Then Superman swoops in, dour as ever. You’d think it would be the other way around considering Batman is so much more menacing, but there’s very little warmth, or even fun, to be had in Metropolis this time around. It’s incredibly serious — with the exception of Laurence Fishburne’s return as The Daily Planet’s Perry White. Clark Kent never stops scowling, probably because everyone is questioning Superman after the destruction he caused in the last movie. Admittedly, he was just trying to save everyone from General Zod, but he still needs to stand up for Metropolis’ high death toll.

BvS also saddles both heroes with one of the worst villains in a long time. Jesse Eisenberg may have been a decent choice to portray Lex Luthor. Here, he just hams it up as the evil twin of Mark Zuckerberg. He’s never scary enough, nor even funny enough. Thankfully, we can still go back and watch the brilliant Gene Hackman — or even Kevin Spacey — give the scheming Lex his due. Not to mention that his nefarious plan makes absolutely zero sense and they don’t even bother to give him at least one line of dialogue to clear it up. There is no reason for Luthor to sic Superman on Batman whatsoever. Had Luthor maybe known for a second that Bruce wants to destroy the earth-wrecking alien, at least some motive could have come to light. But no, the most ludicrous reasoning ever is hatched and an even more ridiculous common bond winds up uniting them against Doomsday.

As it stands, the only real winner here will be DC, Warner Bros, and Affleck. Not even Gal Gadot as Wonder Woman — who almost steals the show were it not for her being so short shifted — manages to save the day. The only one escaping unscarred is Affleck who manages to make us root for Batman against Superman. It just goes to show which character really is best suited for the big screen. Jeremy Irons also manages to make the most of his screentime as Alfred, who is never seen as the loyal butler, but as co-conspirator/techie/mechanic.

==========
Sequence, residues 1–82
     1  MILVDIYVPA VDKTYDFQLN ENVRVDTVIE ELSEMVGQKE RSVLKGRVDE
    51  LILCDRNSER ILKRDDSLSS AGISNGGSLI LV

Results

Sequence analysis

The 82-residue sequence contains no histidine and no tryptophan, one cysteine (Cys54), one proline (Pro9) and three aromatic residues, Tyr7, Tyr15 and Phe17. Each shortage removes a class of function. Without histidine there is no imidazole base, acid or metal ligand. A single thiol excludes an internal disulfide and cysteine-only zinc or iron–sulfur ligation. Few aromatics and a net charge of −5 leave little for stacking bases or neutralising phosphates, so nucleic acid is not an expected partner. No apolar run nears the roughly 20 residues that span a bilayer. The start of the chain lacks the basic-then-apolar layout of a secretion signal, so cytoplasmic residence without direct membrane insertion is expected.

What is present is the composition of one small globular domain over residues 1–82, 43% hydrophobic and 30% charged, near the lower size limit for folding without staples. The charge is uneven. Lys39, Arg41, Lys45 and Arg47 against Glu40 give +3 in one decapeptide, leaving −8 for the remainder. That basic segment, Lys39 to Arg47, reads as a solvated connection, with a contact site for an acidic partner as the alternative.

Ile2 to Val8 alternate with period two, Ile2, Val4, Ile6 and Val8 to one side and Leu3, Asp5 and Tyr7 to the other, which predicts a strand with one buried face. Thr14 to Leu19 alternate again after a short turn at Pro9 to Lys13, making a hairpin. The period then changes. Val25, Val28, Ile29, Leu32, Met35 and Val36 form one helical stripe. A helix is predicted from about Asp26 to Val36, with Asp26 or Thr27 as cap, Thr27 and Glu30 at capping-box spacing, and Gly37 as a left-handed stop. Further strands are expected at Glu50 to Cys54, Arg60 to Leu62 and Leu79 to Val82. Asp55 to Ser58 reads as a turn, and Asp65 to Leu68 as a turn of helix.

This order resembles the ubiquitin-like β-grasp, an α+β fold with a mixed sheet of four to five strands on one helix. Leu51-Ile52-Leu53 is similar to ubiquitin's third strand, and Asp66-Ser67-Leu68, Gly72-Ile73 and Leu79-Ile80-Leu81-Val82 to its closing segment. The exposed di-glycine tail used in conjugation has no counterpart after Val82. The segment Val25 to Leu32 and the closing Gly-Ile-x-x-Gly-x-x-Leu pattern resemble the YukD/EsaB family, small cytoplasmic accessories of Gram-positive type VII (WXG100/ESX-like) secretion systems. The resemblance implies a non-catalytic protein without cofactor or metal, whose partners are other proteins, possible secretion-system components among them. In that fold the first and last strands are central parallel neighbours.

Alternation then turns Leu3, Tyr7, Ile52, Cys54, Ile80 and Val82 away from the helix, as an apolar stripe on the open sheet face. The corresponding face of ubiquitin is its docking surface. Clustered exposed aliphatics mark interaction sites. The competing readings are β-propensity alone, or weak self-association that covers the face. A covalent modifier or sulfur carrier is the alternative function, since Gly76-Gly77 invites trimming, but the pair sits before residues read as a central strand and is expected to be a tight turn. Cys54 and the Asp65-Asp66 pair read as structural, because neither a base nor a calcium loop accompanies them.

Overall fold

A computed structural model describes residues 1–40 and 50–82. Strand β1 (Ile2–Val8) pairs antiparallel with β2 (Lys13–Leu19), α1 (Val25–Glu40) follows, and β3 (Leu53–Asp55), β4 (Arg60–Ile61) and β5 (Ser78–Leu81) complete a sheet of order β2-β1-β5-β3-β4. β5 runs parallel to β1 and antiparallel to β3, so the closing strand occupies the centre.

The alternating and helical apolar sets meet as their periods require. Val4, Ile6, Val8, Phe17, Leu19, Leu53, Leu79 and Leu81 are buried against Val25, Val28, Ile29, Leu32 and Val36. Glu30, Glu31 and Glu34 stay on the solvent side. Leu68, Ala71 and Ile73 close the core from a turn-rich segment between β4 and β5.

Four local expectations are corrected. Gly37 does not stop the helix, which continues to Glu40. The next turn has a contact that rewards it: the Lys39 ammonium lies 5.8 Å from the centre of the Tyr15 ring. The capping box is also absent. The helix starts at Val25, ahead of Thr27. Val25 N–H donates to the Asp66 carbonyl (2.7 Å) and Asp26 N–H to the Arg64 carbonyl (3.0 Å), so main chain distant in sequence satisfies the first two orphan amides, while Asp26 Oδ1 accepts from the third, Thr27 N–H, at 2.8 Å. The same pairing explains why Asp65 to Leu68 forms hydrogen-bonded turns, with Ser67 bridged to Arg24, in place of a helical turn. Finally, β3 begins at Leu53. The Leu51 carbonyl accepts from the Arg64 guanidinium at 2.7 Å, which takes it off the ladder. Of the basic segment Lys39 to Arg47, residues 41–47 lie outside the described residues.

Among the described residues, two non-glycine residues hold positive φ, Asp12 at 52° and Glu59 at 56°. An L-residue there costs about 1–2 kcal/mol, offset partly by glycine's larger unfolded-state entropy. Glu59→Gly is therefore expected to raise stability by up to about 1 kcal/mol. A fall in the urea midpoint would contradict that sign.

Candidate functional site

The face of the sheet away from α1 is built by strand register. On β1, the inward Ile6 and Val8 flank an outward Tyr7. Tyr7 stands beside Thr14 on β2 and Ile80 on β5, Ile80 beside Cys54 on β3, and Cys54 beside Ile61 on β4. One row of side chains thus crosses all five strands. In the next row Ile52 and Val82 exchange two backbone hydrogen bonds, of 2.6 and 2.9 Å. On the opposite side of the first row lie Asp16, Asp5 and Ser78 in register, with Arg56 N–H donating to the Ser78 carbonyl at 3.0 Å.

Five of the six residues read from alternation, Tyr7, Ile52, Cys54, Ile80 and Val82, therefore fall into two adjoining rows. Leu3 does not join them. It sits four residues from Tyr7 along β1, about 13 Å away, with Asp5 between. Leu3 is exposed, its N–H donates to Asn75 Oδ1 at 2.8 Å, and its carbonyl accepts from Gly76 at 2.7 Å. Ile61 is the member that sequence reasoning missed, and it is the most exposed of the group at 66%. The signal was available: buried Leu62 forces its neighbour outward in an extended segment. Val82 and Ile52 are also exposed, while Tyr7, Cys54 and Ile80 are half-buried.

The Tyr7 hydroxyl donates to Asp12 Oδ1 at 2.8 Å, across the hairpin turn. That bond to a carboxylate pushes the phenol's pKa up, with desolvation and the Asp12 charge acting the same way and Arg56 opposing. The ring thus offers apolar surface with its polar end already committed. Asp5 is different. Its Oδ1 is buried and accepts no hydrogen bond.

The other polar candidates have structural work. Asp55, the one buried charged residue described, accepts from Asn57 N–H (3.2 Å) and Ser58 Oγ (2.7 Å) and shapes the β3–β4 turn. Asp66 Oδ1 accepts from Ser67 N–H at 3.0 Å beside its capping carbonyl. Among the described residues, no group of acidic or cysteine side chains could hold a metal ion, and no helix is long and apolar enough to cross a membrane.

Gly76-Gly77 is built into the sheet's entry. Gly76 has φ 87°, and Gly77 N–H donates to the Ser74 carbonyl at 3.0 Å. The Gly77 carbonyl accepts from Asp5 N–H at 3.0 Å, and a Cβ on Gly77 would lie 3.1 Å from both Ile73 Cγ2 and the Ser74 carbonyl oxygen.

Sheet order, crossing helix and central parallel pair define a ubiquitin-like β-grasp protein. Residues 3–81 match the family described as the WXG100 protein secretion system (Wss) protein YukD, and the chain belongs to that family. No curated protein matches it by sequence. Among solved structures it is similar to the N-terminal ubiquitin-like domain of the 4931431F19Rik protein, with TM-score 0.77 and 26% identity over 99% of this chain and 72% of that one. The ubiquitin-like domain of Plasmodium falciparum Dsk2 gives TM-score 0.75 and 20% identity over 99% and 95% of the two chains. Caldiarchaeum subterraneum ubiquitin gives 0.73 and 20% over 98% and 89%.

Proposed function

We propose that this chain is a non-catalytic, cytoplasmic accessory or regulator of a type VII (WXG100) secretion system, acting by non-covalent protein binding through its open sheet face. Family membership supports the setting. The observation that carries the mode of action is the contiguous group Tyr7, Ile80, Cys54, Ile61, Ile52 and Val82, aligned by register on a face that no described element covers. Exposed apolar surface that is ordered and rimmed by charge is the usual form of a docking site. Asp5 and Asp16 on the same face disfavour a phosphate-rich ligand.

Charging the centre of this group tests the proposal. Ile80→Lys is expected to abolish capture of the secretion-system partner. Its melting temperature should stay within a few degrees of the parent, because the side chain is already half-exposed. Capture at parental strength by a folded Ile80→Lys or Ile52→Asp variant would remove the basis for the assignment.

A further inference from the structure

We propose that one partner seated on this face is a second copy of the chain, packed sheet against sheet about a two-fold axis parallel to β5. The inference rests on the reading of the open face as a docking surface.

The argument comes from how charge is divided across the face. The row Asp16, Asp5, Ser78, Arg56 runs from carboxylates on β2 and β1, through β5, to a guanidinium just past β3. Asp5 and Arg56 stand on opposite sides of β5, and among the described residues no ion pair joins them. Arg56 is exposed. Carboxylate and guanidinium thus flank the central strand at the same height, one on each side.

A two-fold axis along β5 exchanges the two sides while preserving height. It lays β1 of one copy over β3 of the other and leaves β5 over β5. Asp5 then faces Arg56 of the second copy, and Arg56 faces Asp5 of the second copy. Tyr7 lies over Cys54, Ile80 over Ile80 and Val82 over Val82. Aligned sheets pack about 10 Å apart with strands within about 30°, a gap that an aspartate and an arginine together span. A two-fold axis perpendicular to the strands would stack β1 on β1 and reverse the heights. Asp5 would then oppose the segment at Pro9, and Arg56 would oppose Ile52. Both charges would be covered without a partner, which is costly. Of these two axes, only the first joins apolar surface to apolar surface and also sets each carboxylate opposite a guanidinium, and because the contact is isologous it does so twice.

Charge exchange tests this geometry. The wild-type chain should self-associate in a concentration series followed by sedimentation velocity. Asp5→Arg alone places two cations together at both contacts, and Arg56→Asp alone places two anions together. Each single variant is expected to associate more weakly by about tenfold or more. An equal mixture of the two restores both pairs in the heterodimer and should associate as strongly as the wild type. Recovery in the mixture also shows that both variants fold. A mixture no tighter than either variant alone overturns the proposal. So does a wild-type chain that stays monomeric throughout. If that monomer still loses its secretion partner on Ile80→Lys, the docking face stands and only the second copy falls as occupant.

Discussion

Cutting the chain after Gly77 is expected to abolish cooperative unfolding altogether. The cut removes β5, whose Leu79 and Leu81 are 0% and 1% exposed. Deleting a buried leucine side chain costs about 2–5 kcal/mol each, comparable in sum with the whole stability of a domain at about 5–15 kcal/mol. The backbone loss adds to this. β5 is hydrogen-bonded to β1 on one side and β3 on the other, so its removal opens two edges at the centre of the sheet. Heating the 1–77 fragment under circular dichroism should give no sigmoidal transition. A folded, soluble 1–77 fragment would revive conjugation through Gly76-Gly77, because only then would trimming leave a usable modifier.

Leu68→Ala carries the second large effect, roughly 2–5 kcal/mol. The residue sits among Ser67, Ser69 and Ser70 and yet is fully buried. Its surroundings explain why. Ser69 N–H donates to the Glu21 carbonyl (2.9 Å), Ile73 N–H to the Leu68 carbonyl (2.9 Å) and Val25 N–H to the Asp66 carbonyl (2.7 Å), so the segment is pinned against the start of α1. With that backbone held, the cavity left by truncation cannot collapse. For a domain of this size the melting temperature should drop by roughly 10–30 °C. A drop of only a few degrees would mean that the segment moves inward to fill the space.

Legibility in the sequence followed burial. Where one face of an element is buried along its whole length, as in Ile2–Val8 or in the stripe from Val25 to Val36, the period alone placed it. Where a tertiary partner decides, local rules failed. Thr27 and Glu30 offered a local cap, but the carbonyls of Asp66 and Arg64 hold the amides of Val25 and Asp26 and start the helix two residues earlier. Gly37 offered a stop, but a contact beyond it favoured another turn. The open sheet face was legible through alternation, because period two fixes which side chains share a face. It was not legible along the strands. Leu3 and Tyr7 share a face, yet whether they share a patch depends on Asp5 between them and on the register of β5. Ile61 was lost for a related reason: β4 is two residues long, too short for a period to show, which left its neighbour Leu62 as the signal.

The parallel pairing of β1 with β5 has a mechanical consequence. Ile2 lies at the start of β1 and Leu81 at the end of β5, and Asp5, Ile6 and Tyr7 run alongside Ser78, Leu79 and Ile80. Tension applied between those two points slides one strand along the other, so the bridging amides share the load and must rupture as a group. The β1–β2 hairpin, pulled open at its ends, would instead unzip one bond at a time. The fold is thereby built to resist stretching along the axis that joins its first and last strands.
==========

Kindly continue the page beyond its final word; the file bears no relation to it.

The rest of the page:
In the end, Batman v Superman: Dawn of Justice is two films fighting an inner struggle to satisfy two vastly different fan bases. The rest of us will simply shrug it off as we wait for Deadpool to hit Blu-ray, and we foam at the mouth in anticipation of wait for May to finally unleash the Marvel one-two punch of Captain America: Civil War and X-Men: Apocalypse. The final word here, is that Marvel is still king of the cinematic comicbook universes.

Friday, March 18, 2016

Movie Review: “The Divergent Series: Allegiant”

The Divergent Series: Allegiant

** out of 5
121 minutes
Rated PG-13 for intense violence and action, thematic elements, and some partial nudity
Summit Entertainment

Article first published at

I wasn’t the biggest fan of the first Divergent film, but I did like the second installment of Insurgent. It managed to have better special effects and built upon the world it established. While Veronica Roth never won me over with her franchise — and I had zero desire to check out the books — imagine my dismay walking out of the “third” installment proclaiming it the worst of the series.

Allegiant has more issues than just being part one of a two-part film. At least Allegiant manages to feel like a complete film — something The Hunger Games: Mockingjay – Part 1 never managed to do. However, it’s all the good that can be said of Allegiant as returning director Robert Schwentke — and his hodgepodge of writers (Noah Oppenheimer, along with the team Adam Cooper and Bill Collage) — delivers one of the most dunderheaded young adult film entries yet.